We are still enjoying life in Moreton Bay with Bongaree in Pumicestone Passage, Bribie Island remaining our favourite place in this part of the world.
The original white inhabitants in this area were 3 'convicts' on the run from Sydney who washed up on Moreton Island after a storm in 'their' little open boat. Thinking they were still close to Sydney (must have been one hell of a storm!) they swam to Bribie to escape capture. The area years later was known for its 'cussedness'. Blimey.
The weather up here seems very tropical for so far south- hot, hot, hot with amazing thunderstorms and sudden downpours. We now live with our hatch and boom covers up as do most cruisers in the area. The thick insulation to keep out the cold in Tassie works hard at keeping out the heat, but the deck can get very hot to walk on so we bucket lots of water over her so no one ends up with burnt feet/pads.
The girls love the walks around Moreton Bay, at low tide exploring is fun. It constantly amazes us that more boats aren't grounded during low tide.
mangrove Jack and side kick
hollows left by rays
The channels in some areas become very narrow, with markers being in a few inches of water. Exploring Cabbage Creek saw Manatee's bow rise as she swiftly grounded on a bank. They are usually soft mud and I can almost hear the thwaap as the mud releases Manatee. The bank at Cabbage Creek was so sticky, fishermen in a tinny dragged us off.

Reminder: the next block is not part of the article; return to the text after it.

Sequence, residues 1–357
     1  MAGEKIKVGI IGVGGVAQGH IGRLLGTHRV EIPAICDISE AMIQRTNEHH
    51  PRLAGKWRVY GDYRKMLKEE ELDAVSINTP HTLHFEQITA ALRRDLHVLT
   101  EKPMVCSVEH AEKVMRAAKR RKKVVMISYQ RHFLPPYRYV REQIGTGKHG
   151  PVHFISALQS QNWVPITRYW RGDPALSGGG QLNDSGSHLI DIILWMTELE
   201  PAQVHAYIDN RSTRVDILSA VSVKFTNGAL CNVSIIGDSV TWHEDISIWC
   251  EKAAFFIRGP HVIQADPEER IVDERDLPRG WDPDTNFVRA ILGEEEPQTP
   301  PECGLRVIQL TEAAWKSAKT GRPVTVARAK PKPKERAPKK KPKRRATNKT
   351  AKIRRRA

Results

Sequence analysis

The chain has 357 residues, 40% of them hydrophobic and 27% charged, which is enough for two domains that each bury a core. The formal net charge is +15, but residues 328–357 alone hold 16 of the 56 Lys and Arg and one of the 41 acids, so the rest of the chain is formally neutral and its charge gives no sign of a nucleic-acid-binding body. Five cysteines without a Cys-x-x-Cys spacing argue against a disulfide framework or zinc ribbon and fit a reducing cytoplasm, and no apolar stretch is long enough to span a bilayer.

entering Cabbage Creek
We journeyed up to Mooloolaba to have a look, a beautiful spot but unless you stay in a marina (Lawries being popular, but a long way out of town) your choices are limited. The pile berths are in a perfect location just inside the breakwater but liveaboard cruisers cannot stay. Anchoring is also limited to days. Pity, but I can understand as it is such a beautiful spot.
breakwater at Mooloolaba
Pearlie enjoying her trip
We are all well, with Idgi recovering from her adventure, Marg receiving intensive physio for her back and neck injury and AK picking up a bit of work.
It's a hard life being an old salt